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Are you thinking of tossing Fido a few shrimp?
You’ll be happy to learn that, when this seafood is cooked, it’s almost always harmless for dogs.
Cholesterol is not a concern because there is virtually no saturated fat and zero trans fat.
But what about allergies?
The truth is that most dogs are not allergic to shrimp. But, of course, you can never rule out such a possibility.
So here’s the deal:
Fresh prawn is fine if you avoid feeding them raw.
Your Dog Can Eat Cooked Shrimp
Of course, it’s essential to limit your pet’s portions.
Go easy! Feed your buddy a bunch of seafood and it can disrupt their digestion.
So share in moderation — meaning strictly control the amount of shrimp your dog gets to eat.
Avoid feeding prawns to the point where it begins to be expected. As much as possible, steer clear of bad feeding habits as it could lead to an unbalanced diet.
Serve Shrimp Safely
It cannot be stressed enough:
You must kill off harmful bacteria. The shrimp farming industry notoriously struggles with viral diseases.
Pathogens are common to prawns.
You do not want your dog to unnecessarily get an upset stomach or worse.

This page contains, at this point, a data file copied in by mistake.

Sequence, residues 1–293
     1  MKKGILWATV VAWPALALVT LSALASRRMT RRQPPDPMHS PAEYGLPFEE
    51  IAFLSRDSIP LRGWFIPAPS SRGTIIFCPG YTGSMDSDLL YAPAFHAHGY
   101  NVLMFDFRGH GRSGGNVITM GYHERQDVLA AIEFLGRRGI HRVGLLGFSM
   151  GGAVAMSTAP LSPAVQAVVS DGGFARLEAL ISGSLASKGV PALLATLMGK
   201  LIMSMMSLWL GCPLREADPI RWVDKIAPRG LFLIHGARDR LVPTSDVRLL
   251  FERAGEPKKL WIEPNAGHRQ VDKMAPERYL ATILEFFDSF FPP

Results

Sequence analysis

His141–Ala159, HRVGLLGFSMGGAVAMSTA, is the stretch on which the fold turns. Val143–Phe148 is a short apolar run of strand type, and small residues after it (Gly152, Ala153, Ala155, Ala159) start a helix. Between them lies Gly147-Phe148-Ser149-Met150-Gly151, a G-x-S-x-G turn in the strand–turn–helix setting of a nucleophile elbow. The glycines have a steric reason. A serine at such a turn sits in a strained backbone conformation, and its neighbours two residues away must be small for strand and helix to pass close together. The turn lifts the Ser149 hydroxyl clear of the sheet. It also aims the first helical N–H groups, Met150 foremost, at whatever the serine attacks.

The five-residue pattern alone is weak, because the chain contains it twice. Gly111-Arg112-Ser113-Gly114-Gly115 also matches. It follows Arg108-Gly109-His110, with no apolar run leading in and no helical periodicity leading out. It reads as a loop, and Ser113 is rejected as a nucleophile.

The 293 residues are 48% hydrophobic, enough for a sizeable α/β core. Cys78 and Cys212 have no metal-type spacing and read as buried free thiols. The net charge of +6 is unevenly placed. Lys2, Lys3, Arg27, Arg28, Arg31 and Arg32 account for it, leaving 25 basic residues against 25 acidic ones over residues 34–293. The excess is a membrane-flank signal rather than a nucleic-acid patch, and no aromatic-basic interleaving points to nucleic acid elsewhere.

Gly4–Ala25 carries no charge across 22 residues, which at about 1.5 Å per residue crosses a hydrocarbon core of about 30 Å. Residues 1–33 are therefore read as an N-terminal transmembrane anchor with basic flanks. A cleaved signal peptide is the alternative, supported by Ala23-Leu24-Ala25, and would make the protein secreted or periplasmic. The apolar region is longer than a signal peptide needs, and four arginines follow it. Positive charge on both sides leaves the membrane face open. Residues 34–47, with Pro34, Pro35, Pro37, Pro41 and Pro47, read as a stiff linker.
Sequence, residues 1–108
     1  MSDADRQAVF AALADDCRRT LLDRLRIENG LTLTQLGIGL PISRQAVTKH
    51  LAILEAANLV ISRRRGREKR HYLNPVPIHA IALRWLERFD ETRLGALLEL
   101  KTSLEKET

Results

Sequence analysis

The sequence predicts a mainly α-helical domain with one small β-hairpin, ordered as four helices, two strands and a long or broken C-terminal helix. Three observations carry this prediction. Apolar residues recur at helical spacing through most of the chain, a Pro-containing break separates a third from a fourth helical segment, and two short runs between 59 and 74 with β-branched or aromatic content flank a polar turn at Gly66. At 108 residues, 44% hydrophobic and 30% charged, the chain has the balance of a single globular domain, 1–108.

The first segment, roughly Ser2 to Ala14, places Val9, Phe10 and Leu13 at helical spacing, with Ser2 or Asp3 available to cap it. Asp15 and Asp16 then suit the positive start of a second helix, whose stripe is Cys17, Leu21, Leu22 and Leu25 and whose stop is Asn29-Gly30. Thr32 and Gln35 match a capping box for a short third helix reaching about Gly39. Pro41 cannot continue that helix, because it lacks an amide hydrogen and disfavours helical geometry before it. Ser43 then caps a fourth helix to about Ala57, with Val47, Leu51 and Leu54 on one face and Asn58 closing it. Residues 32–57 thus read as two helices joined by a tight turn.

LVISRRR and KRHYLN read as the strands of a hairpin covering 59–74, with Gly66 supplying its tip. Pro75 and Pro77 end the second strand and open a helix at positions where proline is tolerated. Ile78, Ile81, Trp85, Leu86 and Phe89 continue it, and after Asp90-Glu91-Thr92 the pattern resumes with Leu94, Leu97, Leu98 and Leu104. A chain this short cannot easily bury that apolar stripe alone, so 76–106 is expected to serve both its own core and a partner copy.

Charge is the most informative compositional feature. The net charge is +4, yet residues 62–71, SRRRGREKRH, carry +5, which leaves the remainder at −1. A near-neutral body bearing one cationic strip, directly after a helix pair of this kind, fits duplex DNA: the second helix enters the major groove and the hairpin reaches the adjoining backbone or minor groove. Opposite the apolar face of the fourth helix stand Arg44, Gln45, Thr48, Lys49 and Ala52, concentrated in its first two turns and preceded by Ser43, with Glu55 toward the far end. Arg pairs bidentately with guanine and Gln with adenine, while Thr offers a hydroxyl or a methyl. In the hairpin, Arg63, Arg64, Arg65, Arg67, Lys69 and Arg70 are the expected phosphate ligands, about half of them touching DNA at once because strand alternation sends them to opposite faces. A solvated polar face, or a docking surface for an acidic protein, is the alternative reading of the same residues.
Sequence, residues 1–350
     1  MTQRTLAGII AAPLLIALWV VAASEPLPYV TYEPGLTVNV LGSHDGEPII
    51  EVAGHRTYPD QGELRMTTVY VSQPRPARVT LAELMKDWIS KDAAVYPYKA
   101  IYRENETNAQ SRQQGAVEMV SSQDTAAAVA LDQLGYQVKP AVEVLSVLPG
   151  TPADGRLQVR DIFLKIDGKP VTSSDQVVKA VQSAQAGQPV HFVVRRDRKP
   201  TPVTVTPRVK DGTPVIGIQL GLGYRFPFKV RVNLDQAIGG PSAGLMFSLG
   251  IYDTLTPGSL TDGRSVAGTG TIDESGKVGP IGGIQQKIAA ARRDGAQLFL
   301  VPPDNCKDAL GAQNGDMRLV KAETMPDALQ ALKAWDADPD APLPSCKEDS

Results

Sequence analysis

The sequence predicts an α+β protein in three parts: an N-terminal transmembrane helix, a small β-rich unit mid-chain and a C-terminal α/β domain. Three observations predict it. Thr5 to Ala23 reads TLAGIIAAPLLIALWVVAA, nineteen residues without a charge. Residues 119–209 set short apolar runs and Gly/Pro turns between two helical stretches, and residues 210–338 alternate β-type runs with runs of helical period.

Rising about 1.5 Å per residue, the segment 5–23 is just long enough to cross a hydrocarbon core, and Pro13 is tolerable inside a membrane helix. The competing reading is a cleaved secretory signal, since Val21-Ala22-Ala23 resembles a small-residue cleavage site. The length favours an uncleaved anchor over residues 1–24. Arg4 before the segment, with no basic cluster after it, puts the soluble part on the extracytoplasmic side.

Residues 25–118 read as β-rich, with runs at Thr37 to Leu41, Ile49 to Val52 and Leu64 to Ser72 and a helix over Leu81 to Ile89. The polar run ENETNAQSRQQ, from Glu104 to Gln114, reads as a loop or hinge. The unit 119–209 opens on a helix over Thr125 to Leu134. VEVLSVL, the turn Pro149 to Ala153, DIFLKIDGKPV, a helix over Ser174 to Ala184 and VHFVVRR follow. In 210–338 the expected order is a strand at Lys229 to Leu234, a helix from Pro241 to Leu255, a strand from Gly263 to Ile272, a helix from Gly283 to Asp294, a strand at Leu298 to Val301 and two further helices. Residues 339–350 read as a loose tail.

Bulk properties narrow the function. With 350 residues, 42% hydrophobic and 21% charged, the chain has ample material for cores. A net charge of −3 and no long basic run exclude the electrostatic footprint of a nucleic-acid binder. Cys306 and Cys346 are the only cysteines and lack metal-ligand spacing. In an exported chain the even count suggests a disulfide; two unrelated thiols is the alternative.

Only serve these ocean critters cooked. Play it safe by enforcing this pet policy for all seafood!
And never give your dog leftover shrimp that’s been sitting around. Always fresh!
Prawn Prep For Pets
Be sure to completely remove the shell. This goes for the tail, head and legs.
The reason is simple:
While unlikely, they could cause a digestive blockage.
Peeling shrimp is key, even if a dog only gets a morsel (as a reward or a treat).
You may be wondering…
Devein for a dog? Not necessary, especially since you are cooking those shrimp!
When Dogs Disagree
There is no guarantee that a precious pet dog will actually agree with shrimp.
In such cases, you can expect vomiting or diarrhea or both. Be sure to provide plenty of fresh water for re-hydration.
It is also possible your dog won’t even try shrimp.
Not even a taste? Check out this rejection (quite common)!
Shellfish And Allergies
A stomach disagreement is one thing…
More worrying is if your dog experiences an allergic reaction from eating shrimp.
While relatively rare, it isn’t impossible that a crustacean can be a trigger. Visit your vet if symptoms are serious.
The reality is that shellfish (crab included) are known allergens.
Fish, such as tuna for example, cause bad reactions with less frequency.
Why Shrimp Is Nutritious
Shrimp generally makes for a nutritious treat for adult dogs.
Prawns contain selenium which is a valuable antioxidant. Phosphorous and vitamin-B12 are plentiful as well.
And being a great source of both EPA and DHA, two types of omega-3 fatty acids, is an absolutely outstanding attribute.
That’s not all…
In addition to being low in fat, shrimp is also light on calories and carbs.
The Bottom Line
You can treat your dog to a few shrimp.
It’s not such a bad idea. Nevertheless, limit the amount and do not make it a habit.
Be sure to cook and de-shell those prawns before feeding time.
Monitor your dog for an unlikely allergic reaction when providing shrimp for the first time.